UK to detain asylum seekers for deportation to Rwanda, report says

British Prime Minister Rishi Sunak during a visit to the Home Office. Photo Credit: Sky News FILE

Sunday, April 28, 2024 — The Home Office will launch a surprise operation to detain asylum seekers across the UK on Monday, weeks earlier than expected, in preparation for their deportation to Rwanda.

Officials plan to hold refugees who turn up for routine meetings at immigration service offices and will also pick people up nationwide in a major two-week exercise.

They will be immediately transferred to detention centres, which have already been prepared for the operation, and held to be put on flights to Rwanda, including the first one due to take off this summer. Others identified for these flights are already being held, the Guardian can reveal.

It is thought the move’s launch has been timed to coincide with Thursday’s local council elections in England, to boost Rishi Sunak’s claims he is cracking down on illegal migration.

The Home Office said the ratification of the prime minister’s Safety of Rwanda Act meant “the government is entering the final phase of operationalising this landmark policy to tackle illegal migration and stop the boats”.

It added: “At some stage inevitably this will include detaining people in preparation for the first flight, which is set to take off to Rwanda in 10 to 12 weeks. It would be inappropriate to comment further on operational activity.”

Police in Scotland have been put on alert because of the high risk of street protests and attempts by pro-refugee campaigners to stop detentions.

Local communities in Scotland have twice prevented deportations by staging mass protests on Kenmure Street in Glasgow, in May 2021, and in Nicolson Square, Edinburgh, in June 2022.

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On both occasions, hundreds of people surrounded immigration enforcement vehicles to prevent asylum seekers being removed after tense standoffs between protesters and police.

Demonstrators were alerted by a protesters’ network to the detentions on Kenmure Street, and two men were eventually released from Border Force custody after a six-hour confrontation to avoid violent clashes.

Police officers will not take part in the detentions for the Rwanda flights operation but will take part in crowd control and policing the operations. A Police Scotland spokesperson referred the Guardian to the Home Office after being approached.

Speaking on Monday before the Lords and Commons sat through the night to pass the safety of Rwanda (asylum and immigration) bill, Sunak said: “To detain people while we prepare to remove them, we’ve increased detention spaces to 2,200.

“To quickly process claims, we’ve got 200 trained, dedicated caseworkers ready and waiting. To deal with any legal cases quickly and decisively, the judiciary have made available 25 courtrooms and identified 150 judges who could provide over 5,000 sitting days.”

Aamer Anwar, a Glasgow-based human rights lawyer who was directly involved in the Kenmure Street protests, said Police Scotland and the Scottish government had to be certain they believed this was lawful.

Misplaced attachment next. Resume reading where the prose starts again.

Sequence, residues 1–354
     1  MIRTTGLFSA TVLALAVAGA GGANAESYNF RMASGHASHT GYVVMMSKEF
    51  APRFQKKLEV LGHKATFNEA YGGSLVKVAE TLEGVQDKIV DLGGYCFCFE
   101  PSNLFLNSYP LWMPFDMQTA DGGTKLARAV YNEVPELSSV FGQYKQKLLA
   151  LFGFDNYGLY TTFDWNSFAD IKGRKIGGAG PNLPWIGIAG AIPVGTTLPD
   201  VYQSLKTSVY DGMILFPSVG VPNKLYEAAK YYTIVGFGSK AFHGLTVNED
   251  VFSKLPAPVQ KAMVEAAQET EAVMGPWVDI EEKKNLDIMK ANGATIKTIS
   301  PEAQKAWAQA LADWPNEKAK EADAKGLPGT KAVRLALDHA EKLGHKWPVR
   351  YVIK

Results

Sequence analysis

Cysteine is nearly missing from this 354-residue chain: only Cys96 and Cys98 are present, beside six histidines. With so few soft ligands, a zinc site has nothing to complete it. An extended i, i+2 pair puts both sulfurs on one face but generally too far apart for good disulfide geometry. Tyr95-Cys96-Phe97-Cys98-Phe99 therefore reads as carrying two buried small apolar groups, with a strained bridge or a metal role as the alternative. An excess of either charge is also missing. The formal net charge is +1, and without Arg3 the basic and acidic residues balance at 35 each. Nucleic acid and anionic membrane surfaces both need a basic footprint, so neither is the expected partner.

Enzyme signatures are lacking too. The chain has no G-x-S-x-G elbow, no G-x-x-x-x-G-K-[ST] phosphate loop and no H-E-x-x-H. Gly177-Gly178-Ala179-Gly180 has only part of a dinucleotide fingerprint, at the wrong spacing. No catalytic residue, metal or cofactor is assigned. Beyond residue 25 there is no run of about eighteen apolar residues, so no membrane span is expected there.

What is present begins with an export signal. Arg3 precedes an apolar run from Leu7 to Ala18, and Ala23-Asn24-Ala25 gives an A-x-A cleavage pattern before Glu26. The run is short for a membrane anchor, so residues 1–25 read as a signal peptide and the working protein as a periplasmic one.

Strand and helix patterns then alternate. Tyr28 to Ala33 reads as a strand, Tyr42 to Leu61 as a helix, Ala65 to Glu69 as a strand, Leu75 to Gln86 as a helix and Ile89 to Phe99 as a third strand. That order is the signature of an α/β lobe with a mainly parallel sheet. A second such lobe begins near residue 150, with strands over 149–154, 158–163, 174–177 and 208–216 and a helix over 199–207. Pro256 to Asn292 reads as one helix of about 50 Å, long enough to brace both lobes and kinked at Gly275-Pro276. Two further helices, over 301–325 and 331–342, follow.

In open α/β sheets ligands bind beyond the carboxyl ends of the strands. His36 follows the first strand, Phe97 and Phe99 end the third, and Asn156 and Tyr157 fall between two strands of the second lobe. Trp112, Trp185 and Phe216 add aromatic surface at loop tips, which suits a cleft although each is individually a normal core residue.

“Offshoring people 5,000 miles away is nothing more than a grubby cash-for-people plan,” he said.

He added: “I suspect in the coming days we will see an explosion of the spirit of Kenmure Street across the UK, opposing a policy that will lead to misery, self-harm and death, driving so many more into the arms of people smugglers.

“The fundamental question for the Scottish government as well as Police Scotland is whether they are willing to engage in this barbaric abuse of power against a desperate people.”

Enver Solomon, the chief executive of the Refugee Council, said: “The government is determined to recklessly pursue its inhumane Rwanda plan despite the cost, chaos and human misery it will unleash. We know it is likely to cause a catastrophic system meltdown.

“Even if a few thousand people are removed to Rwanda this year, there will be tens of thousands of refugees who have fled from countries like Afghanistan, Sudan and Syria, stranded in permanent limbo in the UK, likely to fall out of contact with services and face the risk of exploitation and abuse. This could be avoided if the government opted instead to operate a fair, effective and humane asylum system.

“Instead of paving the way for yet another crisis in the asylum system, the government should stop its headline-grabbing efforts and commit to promptly and fairly processing asylum claims.”

Sonya Sceats, the chief executive of Freedom from Torture, a charity that supports torture survivors, said the detentions and deportations would add to the trauma refugees had already experienced.

“We know from our clinical services that even survivors of torture who are completely safe from harm tend to live in a semi-permanent state of hypervigilance to threats, because of their history of being rounded up, detained, and abused in authoritarian states.

“So news of this crackdown is sure to trigger mental health collapse in many men, women and children in the care of our therapists.

“Compassionate people up and down the country will be sickened by this performative cruelty designed to generate headlines and stoke fear among people fleeing torture and persecution. This is not who we are as a country.”